After a ridiculously long delay, I have started to finish off my series on the Parameters of Meaning beginning with this one on Typology. I believe these guidelines will help Bible students avoid many pitfalls in interpretation by setting limits on what constitutes legitimate hermeneutics. For those of you interested here are the previous installments:
Parameters of Meaning – Rule 7: Never draw theological conclusions that are based upon typology. Types are too uncertain and debatable for doctrines to be formulated with them.
The Bible is given, in large part for Theology. 2 Timothy 3:16 reminds us all that
All Scripture is God-breathed [out] and is profitable for doctrine (didaskalia), for reproof, the correction, for instruction in righteousness…
The Greek word didaskalia means “teaching” and is often, as in the above example, translated as “doctrine.” This word, “doctrine”, signifies the body of biblical teaching cast in the form of propositional truths and life principles. For doctrines, and, therefore, Theology to be really biblical, they must be clearly traceable to the text of Scripture, interpreted within its proper context. Our doctrinal formulations should be derived from clear statements of the truth which are accessible to all people.
As we have tried to show with the Rules of Affinity, every major doctrine of the Christian Faith can be ascertained either from direct statements taken from Bible passages (this is usual), or from inferences drawn from direct statements which lead to one inevitable conclusion. Hence, God has given mankind the essentials of Christianity on the surface, as it were, of His Word. This being so, it is scarcely necessary to dive into the murky waters of symbolism to uncover theological truth in Scripture.
The Tricky Business of Identification
But leaving that aside, we must ask what is needed for a type to even gain credence as a type. To begin with, nearly all the best writers on the subject say that typology is intra-testamental. This means that the type is in the Old Testament while the antitype, the fulfillment of the type, is in the New Testament. So too Leonard Goppelt, in his Typos (ch.1), saw it as his task to examine how the use of typology by NT authors and the church guided the interpretation of the OT.
A 1997 article, “Typology: A Summary of Present Evangelical Discussion,” by W. Edward Glenny (JETS 40.4), provides three competing evangelical views, while commending a fourth; that of Richard M. Davidson, as a way forward. Davidson himself surveys a host of contrasting theories of typology from both mainstream and evangelical sources, and concludes that they all fall short because “a solid semasiological and exegetical foundation for understanding the nature of typology is never laid.” – Typology in Scripture, 73. (“Semasiological” refers to the actual meaning of a word as it is used).
Recently, men like RWL Moberly have proposed a typology within the OT itself independent of the NT (at least for Jewish readers). However, Christian use of this approach will not permit fixity of types unless the NT is ushered in through the back door. In point of fact the soil out of which much typology has been built is the view that the NT reinterprets the OT.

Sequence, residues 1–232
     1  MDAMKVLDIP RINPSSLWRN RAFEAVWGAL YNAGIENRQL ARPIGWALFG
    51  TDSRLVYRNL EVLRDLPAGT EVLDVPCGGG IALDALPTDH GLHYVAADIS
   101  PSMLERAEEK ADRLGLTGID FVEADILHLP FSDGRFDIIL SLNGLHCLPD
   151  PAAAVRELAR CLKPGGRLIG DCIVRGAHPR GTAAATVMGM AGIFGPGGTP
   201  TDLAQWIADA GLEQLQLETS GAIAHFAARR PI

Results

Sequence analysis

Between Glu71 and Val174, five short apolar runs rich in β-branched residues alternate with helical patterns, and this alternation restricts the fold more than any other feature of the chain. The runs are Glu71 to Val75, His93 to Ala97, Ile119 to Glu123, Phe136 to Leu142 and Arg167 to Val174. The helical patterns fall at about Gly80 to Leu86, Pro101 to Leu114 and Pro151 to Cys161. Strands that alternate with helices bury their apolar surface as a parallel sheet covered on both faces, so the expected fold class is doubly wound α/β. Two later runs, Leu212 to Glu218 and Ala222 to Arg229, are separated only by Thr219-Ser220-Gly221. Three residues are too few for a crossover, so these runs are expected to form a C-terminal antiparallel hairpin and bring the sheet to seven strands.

as more revelation was given over time…we discover more of God’s plan and where that plan is going. It is for this reason that the New Testament’s interpretation of the Old Testament becomes definitive in helping us understand the details of the Old Testament…In other words, we must carefully allow the New Testament to show us how the Old Testament is brought to fulfillment in Christ. – Peter J. Gentry & Stephen J. Wellum, Kingdom through Covenant, 85-86
But it does not follow that later revelation will always work in this way. One thinks of the Creation account for instance, or the Fall. And before it can be asserted that the NT has definitive interpretative clout over the OT we must ascertain whether or not the NT is addressing the particular subject the OT text is addressing. But this brings to light the major problem, which is whether our interpretation(s) of the NT are infused with dogma. We find such a problem in the above quotation where the authors assume without proof that “the Old Testament is brought to fulfillment in Christ”, by which they mean, the first coming of Christ. Such a massive presupposition will inevitable color their understanding of typology, since they will be searching for types of first advent “fulfillment.” This will unavoidably lead them into collision with the many OT texts which place the fulfillments at the second advent. In fact, the very existence of the collision calls forth their typology to handle it!
To illustrate this idea of frontloaded conclusions again, consider this by covenant theologian Mark L. Karlberg:
The dissolution of the temporal, earthly theocracy coincided with the new covenant’s reign of God in the hearts of his people through the Spirit. In the eschatological age of the Spirit the kingdom of God is a spiritual reality unencumbered by the shadowy, earthly forms (types) characteristic of the ancient theocracy. In the period between the advents of Christ the presence of the kingdom is in anticipation of the realization of the land-promise in the consummation. – ‘The Significance of Israel in Biblical Typology’, JETS 31:3 (September 1988), 268
But it ought to be obvious that such a typological approach can only be sanctioned if the NT is given interpretive priority over the New, which is actually only to say that the interpreter’s own theologically determined conclusions about the NT are read back into the OT! Typology trumps contextual exegesis whenever a theological commitment predisposes the reader to employ it. The present writer has tried to show that the new covenant insures the literal fulfillment of OT predictions, not hands them over to be “typologized”. (more…)